“…it’s also worth considering how events would have appeared from their perspective. A high ACT score would have seemed like just another stroke of good fortune in a life full of it. [. . .] They mistook the secret forces working on their behalf for their own natural talent. If you can’t see the hidden hand behind your success, what other explanations are there besides luck and ability?”
Daphne begins her day at yet another new school knowing that she has flourished at every educational institute she has attended. Her attitude is one of complete confidence. There’s no fear of failure because it’s not something that she has ever tasted. Having a figure in the shadows who puts their body on the line to protect you from even the most minor accidents takes things to the extreme, but the events of Daphne & Velma are seemingly not far off from reality.
Unlike the dozens of students who have been caught up in the midst of their parents’ actions, Daphne uncovers the strings her father has been pulling before it’s too late. To start with, Nedley Blake apologizes to his daughter, seemingly remorseless that he was caught, and instead aware that his having lied to her about her abilities was a mistake. On her part, Daphne gets to the heart of the matter, shouting:
“Dad, how could you? You’ve literally sheltered me my whole life!”
When her mother comes to her father’s aid by pointing out that he was only trying to protect her Daphne reasserts:
“I don’t need protection, okay? I can handle myself.”
It’s not to say every college-hopeful whose parents had the wealth needed to access the so-called “side doors” into these schools would have reacted similarly. In fact, we know that at least one student, Isabelle Henriquez, knowingly went along with a scheme to raise her SAT score. Many have pointed out that the apple doesn’t fall far from the tree, and that in all likelihood those who blindly accepted their fortune-filled lives would probably have willingly gone ahead with these illicit boosts to their academic careers. That said, how can we ever be certain?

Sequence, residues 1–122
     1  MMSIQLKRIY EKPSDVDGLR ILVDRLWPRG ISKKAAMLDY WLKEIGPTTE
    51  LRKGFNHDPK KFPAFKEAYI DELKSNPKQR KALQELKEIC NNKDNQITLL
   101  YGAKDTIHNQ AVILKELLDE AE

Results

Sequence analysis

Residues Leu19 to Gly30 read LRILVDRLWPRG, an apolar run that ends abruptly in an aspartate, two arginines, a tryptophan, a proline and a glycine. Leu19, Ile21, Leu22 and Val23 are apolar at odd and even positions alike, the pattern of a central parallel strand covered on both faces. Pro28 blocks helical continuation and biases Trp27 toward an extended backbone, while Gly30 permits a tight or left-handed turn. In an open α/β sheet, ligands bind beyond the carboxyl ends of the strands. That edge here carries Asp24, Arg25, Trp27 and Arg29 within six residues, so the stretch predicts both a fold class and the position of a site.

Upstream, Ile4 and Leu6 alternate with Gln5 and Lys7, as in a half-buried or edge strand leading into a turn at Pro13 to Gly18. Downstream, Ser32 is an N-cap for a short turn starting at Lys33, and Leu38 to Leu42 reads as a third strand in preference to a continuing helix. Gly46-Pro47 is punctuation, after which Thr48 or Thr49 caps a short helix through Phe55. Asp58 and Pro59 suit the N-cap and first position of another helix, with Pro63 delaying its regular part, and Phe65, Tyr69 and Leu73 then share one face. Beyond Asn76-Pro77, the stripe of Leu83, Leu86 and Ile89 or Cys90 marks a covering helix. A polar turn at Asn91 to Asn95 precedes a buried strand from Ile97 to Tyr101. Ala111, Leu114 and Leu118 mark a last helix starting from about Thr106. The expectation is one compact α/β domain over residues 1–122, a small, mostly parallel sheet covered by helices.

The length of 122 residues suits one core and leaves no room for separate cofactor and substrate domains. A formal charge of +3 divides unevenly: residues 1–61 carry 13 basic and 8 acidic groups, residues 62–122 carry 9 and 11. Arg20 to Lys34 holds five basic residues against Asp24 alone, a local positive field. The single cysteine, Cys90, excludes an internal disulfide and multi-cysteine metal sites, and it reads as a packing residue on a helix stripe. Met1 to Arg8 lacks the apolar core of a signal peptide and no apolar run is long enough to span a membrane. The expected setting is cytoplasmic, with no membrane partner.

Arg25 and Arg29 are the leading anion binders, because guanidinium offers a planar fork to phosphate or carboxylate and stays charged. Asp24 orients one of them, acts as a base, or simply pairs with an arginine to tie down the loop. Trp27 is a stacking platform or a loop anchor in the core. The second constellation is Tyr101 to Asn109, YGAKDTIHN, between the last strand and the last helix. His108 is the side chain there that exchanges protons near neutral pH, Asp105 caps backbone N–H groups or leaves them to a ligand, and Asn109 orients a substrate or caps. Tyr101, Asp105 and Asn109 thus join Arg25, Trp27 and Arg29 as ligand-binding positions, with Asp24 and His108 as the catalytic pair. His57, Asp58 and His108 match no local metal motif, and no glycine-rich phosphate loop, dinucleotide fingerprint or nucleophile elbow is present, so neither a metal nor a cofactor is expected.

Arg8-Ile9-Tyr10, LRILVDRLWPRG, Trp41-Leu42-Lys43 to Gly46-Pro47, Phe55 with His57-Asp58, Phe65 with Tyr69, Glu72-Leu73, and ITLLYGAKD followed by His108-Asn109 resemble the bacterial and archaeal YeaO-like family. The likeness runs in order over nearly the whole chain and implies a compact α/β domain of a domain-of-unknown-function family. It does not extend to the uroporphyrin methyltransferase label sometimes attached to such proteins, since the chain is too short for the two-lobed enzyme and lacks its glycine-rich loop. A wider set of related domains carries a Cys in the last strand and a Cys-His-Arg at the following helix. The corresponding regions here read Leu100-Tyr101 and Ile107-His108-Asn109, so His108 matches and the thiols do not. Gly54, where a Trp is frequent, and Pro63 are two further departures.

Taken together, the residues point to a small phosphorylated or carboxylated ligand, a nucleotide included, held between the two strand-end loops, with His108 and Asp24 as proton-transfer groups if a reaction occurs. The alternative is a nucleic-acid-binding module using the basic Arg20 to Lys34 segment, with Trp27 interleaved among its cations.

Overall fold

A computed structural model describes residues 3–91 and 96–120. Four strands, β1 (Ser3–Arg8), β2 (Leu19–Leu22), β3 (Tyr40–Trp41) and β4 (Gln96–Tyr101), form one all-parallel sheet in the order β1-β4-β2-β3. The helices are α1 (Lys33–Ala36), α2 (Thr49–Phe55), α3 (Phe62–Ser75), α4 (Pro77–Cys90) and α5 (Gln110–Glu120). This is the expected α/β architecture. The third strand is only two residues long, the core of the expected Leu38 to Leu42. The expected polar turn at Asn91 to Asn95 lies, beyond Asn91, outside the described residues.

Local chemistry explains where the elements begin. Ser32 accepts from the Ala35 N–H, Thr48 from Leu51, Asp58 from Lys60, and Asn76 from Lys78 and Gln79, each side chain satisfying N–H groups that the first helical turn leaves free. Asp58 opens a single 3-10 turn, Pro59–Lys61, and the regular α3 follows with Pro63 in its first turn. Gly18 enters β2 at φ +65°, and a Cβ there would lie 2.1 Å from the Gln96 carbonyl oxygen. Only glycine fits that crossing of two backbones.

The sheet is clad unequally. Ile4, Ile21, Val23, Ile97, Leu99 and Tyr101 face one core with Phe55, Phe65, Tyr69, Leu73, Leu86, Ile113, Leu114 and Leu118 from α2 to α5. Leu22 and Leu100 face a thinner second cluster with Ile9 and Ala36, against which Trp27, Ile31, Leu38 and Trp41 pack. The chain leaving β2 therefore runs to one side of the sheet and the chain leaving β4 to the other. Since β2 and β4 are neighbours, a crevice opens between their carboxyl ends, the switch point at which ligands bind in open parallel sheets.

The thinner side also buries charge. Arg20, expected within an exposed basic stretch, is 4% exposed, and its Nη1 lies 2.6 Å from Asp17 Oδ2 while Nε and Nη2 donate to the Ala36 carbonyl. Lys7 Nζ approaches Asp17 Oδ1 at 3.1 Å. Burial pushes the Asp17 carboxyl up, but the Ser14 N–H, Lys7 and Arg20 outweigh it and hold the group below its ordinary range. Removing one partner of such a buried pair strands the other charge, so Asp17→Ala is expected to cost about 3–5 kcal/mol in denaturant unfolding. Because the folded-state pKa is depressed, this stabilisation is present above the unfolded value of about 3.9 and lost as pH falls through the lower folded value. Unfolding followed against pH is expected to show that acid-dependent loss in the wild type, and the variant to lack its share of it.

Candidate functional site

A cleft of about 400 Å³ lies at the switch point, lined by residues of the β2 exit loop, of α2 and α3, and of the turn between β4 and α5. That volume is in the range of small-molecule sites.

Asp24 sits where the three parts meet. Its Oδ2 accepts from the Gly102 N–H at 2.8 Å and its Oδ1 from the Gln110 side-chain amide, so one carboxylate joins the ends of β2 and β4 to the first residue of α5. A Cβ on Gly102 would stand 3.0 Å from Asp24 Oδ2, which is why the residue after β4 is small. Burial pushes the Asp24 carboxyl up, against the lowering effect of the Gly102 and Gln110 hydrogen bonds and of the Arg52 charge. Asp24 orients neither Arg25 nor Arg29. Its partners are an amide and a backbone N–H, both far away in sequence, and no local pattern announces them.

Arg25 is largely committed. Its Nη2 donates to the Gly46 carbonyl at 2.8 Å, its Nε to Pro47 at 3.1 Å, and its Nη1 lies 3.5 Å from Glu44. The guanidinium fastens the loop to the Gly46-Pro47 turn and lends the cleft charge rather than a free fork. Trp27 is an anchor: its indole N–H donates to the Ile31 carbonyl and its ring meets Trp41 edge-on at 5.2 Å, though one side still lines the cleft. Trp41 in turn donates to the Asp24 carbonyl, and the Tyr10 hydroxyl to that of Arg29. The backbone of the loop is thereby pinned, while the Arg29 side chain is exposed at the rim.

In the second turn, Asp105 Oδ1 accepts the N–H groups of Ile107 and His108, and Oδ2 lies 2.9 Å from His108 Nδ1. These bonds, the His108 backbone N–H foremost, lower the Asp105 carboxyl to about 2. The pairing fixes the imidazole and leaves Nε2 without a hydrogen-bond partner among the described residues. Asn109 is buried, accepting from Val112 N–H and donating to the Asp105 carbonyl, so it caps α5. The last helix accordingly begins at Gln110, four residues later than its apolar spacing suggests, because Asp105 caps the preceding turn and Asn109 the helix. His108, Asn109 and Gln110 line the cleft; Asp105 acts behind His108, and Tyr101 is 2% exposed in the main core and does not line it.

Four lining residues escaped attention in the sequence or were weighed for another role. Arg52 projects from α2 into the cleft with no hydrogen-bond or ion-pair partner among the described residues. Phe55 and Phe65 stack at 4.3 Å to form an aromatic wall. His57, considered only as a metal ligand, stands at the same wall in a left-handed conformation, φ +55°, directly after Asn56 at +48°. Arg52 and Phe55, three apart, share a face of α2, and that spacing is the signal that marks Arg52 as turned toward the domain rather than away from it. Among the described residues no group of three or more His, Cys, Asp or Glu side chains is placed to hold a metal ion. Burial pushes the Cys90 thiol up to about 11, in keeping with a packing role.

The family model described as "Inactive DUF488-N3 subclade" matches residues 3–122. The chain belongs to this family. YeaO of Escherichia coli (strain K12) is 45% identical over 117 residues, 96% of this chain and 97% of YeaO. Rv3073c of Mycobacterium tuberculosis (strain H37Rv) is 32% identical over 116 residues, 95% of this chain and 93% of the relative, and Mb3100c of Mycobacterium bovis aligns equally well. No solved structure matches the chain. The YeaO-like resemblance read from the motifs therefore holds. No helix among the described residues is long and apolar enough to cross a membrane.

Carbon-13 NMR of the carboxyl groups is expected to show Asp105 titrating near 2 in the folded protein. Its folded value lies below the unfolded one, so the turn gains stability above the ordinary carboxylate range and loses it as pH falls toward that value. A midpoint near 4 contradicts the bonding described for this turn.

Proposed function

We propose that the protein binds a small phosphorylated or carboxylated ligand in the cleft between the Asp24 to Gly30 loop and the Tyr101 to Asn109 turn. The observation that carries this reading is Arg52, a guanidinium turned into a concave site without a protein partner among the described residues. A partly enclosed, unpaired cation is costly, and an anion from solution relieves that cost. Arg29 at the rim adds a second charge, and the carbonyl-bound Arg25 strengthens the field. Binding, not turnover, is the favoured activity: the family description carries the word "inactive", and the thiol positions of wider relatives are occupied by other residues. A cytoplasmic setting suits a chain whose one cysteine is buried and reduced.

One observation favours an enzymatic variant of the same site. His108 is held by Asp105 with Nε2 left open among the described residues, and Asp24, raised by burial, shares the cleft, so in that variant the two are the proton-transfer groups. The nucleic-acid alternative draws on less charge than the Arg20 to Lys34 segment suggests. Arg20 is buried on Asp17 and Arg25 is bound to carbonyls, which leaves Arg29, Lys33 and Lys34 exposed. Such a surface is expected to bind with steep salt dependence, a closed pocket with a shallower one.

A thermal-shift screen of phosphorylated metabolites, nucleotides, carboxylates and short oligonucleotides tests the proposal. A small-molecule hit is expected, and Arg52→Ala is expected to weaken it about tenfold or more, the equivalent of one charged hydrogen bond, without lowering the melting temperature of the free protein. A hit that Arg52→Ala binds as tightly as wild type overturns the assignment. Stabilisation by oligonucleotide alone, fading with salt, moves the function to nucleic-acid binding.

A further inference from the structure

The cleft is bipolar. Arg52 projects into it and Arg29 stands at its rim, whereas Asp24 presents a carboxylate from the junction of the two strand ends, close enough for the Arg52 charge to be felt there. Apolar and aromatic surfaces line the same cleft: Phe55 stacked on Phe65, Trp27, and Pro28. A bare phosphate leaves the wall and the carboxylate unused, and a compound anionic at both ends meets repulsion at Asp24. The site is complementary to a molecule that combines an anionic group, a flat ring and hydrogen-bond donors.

The issue of privilege, whether attached to one’s race or otherwise, is hotly contested by those who are said to be receiving the benefits. When advantages are pointed out they’re perceived as being attacks on their character instead of simple insights on how the world as we know it operates. What then might happen if those privileges, in this case financial, are actually exposed? While not always possible, might this be a case in which the privileged actually refuse the leg-up and attempt to succeed on their own merits and abilities? When starkly informed that their achievements are not their own how many students might have rebelled, possibly even steering their lives in an entirely different direction?
As hyperbolic as this title is, and given that Daphne & Velma is feature-length children’s entertainment that wasn’t even able to make it to the silver screen, there remains the genuine possibility that this plot line dedicated to covering the invisible forces that equate to “good luck” might be recognized as a reflection of certain students’ lives, and understood by wealthy parents as being harmful to their children. In the case for Scooby-Doo being educational and teaching us life lessons, there are far worse contenders than this one.